Selling hundreds of thousands of copies might have been enough to keep a scrappy independent developer running, but for a division of Capcom, they were a stinging disappointment. By contrast, Dead Rising for the Xbox 360 racked up a million sales by the end of 2006. In January of this year, Lost Planet, another Capcom title, racked up 329,000 sales in North America alone. In one month, and one market, Lost Planet beat the entire lifetime sales of one of Clover’s titles. Ironically, the studios with the financial wherewithal to roll the dice on an artistic title can’t afford the low sales figures those games bring in.
At the end of 2006, the Board of Directors decided Clover’s time had come. The press release took the calm distance of an ER doctor, saying, “[While] Clover Studios Co., Ltd. has met the goal of developing unique and creative original home entertainment software,” their current business strategy demanded they focus “management resources on a selected business to enhance the development power of the entire Capcom group.” We like our illusions that everyone likes to make good games, sales be damned, but laid out in stark black and white is the truth of the gaming industry: Publishers will cut away the developers that don’t produce games that make them money.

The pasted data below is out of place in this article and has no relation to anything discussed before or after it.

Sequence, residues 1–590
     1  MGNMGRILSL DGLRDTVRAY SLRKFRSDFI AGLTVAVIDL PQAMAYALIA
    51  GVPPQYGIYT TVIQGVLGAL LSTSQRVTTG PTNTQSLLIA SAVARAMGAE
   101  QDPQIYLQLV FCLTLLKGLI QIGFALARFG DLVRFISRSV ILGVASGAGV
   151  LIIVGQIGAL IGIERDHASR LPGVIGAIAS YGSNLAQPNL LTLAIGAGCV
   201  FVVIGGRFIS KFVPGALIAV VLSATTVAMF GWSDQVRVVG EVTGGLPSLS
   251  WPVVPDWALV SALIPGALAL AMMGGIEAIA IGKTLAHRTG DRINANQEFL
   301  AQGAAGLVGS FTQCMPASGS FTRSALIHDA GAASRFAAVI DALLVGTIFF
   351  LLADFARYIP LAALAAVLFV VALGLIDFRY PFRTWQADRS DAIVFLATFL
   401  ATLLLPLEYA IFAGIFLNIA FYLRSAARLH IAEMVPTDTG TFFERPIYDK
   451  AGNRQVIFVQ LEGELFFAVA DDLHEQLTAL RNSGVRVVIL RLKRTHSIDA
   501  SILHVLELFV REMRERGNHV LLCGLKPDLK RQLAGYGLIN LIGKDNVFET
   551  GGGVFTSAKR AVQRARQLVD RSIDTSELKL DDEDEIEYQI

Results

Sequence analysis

Game Development by Darwinism demanded the dissolution of Clover, and the board complied, scattering the team. Some moved inside Capcom and some moved to Clover vet-friendly studio Seeds to lick their wounds and try again.
What if you made a compelling, original game and nobody bought it? In a post-shutdown interview, Inaba reflected, “I think that it is becoming almost ‘impossible’ for an original game to succeed financially. This can’t be blamed on anyone, but it’s a simple fact that an original game doesn’t appeal to the majority of gamers.” In other words, to read review sites and look around the community at large, what reviewers say they want are artsy, original games. The “vision” of games and game designers is trumpeted as a catch-all remedy for the heartless money grubbing of the big publishers, but when it comes time for that all important last step – the exchanging of money for goods and services – vision doesn’t sell games.[em]Shannon Drake is a Contributing Editor for The Escapist and changed his name when he became a citizen. It used to be Merkw